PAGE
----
A Macon Nightclub Ends A Smoking Ban, 17 Days After They Began It
September 17, 2014
Macon, Ga. —
A popular Macon nightclub has reversed course after 17 days being smoke-free indoors. On September First, the Hummingbird Stage and Taproom banned smoking inside the establishment. On Tuesday, management said “we goofed.”
“Our customers have expressed a desire to go back to the way things were. And, in fact, the non-smokers were not becoming customers as fast as the smokers were becoming non-customers. It is strictly a business decision at this point,” Manager Tim Obelgoner said Tuesday
Georgia policy does not ban smoking in bars and restaurants, unlike 28 other states. Instead they leave the choice up to municipalities, and some — such as Athens and Savannah — have adopted the ban. Macon has not, rejecting a ban as late as 2010. Obelgoner says government should not restrict smoking in private businesses.
Organizations that are pushing for government regulation of smoking in bars and restaurants, such as the Cancer Action Network, say that without a uniform standard in Georgia, patrons and workers will always deal with two set of standards governing exposure to secondhand smoke.
Macon-Bibb Commissioner Larry Schlesinger who attended the Hummingbird’s announcement banning smoking back in August, said that he has thought about bringing up the smoking ban again with the newly-created Macon-Bibb County Commission. But he prefers if individual businesses take up the ban on their own.
In a message on its Facebook page, Hummingbird management says trends across the country suggested the smoking ban was a good idea. “Reality in our fair city screams otherwise.” they wrote.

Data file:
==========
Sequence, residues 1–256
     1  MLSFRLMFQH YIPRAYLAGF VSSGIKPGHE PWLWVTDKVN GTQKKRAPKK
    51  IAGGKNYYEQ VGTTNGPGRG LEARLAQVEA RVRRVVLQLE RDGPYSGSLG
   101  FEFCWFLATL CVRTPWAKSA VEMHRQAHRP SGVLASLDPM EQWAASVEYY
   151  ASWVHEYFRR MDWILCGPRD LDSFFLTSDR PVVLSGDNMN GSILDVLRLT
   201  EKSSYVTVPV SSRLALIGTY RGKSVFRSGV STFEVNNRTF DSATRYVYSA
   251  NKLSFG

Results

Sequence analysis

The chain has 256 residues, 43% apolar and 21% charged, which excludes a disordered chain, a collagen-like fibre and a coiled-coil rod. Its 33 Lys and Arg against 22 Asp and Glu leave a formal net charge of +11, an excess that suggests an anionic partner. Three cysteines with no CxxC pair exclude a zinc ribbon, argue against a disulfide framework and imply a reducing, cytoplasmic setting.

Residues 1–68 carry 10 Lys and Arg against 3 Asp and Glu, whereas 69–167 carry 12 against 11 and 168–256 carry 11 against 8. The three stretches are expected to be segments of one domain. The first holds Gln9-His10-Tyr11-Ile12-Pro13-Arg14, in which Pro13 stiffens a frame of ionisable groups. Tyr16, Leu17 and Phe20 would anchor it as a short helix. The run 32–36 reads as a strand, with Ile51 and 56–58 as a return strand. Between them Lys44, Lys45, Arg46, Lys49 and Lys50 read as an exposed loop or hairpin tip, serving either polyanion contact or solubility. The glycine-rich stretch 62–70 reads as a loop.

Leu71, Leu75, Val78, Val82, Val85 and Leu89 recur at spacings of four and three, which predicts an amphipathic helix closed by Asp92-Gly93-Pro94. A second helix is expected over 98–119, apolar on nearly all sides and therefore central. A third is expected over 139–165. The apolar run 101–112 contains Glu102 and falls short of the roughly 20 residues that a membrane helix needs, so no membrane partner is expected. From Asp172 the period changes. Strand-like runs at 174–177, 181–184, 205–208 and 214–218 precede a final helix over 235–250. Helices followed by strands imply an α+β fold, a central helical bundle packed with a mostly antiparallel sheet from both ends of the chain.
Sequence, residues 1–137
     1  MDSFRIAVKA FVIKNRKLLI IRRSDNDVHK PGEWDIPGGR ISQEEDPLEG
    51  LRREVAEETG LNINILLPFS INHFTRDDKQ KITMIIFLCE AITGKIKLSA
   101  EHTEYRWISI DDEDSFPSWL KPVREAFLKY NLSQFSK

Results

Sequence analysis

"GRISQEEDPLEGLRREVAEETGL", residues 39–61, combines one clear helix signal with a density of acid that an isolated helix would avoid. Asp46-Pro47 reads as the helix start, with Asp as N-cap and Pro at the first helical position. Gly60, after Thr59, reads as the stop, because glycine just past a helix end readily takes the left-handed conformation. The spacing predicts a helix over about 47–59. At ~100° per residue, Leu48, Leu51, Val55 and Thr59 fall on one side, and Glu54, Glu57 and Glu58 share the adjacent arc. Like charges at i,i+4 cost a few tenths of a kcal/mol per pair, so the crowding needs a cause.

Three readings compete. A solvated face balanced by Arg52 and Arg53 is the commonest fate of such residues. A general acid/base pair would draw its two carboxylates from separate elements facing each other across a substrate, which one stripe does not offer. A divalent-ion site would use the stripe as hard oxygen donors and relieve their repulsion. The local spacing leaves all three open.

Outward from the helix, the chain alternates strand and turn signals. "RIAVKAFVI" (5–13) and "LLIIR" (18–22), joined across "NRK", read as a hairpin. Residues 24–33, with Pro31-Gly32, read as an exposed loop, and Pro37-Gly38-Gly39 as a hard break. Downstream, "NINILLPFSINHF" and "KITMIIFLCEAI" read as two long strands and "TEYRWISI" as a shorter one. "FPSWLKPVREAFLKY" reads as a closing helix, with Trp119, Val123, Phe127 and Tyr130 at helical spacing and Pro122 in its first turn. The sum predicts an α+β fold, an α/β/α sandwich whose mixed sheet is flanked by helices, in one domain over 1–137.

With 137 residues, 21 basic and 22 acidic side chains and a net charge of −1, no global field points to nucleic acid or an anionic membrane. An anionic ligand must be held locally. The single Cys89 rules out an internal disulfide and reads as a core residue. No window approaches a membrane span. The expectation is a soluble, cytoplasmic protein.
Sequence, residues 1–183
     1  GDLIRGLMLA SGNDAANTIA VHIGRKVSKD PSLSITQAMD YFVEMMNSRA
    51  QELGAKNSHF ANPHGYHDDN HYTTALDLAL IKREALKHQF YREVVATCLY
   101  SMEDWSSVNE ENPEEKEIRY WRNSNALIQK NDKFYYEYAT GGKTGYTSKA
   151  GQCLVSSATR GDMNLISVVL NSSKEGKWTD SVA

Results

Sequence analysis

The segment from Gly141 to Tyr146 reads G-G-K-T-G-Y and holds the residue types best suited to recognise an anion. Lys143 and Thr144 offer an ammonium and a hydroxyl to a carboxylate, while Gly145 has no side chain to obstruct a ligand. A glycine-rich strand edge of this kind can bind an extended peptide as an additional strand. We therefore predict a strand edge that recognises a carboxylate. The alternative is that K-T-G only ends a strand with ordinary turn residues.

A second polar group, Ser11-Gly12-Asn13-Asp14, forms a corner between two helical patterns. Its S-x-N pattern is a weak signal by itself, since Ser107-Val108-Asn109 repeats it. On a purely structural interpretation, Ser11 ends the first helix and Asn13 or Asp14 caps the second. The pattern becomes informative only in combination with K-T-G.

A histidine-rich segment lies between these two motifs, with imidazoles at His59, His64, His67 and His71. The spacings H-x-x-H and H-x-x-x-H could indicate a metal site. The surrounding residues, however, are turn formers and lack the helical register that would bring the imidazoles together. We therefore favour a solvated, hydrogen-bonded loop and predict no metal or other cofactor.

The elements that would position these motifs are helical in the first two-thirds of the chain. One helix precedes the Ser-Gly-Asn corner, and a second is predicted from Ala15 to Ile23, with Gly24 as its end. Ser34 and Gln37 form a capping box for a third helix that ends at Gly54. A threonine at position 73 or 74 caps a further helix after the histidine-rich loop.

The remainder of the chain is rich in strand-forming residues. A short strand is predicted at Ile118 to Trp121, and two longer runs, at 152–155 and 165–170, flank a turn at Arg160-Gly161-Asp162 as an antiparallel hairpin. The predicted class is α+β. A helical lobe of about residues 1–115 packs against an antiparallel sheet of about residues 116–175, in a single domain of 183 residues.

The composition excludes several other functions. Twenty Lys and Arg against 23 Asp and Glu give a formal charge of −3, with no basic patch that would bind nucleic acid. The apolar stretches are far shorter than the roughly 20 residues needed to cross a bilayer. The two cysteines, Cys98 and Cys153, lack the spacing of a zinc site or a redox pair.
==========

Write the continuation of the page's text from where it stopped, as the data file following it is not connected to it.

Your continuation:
Obelgoner said it will still follow through on donating a portion of proceeds to lung cancer research in November, something the club announced when they announced the ban.
No Council Vote on Smoking Law
Oct 18th, 2011
by Eleanor Lissitzyn
Despite earlier intentions, Macon City Council sponsors of a smoking law declined to bring it back up before full council Tuesday night.
Ordinance co-sponsors Nancy White and Larry Schlesinger previously said they planned to ask full council to vote to disagree with the Public Safety Committee, which voted not to move the proposed law to a full council vote last week.
With at least two council members absent from Tuesday night’s meeting, White says they decided not to bring the law back up for fear it wouldn’t get the necessary eight votes.
Now White says she’s not sure if they’ll continue the effort to get the law passed.
People from both sides of the issue have shown up to represent their arguments every time the issue has been discussed before council, and Tuesday was no exception.
The law would restrict smoking in bars and restaurants as well as many other public outdoor places.
About twenty people from both sides attended the meeting.
Al Tillman of Community-n-Unity took the podium to say he does not support the law.
Tillman previously participated in a commercial supporting the law, but says he’s changed his mind.
He says he’s afraid that outlawing smoking in downtown Macon’s bars and restaurants will drive business into other communities, like Warner Robins and Gray.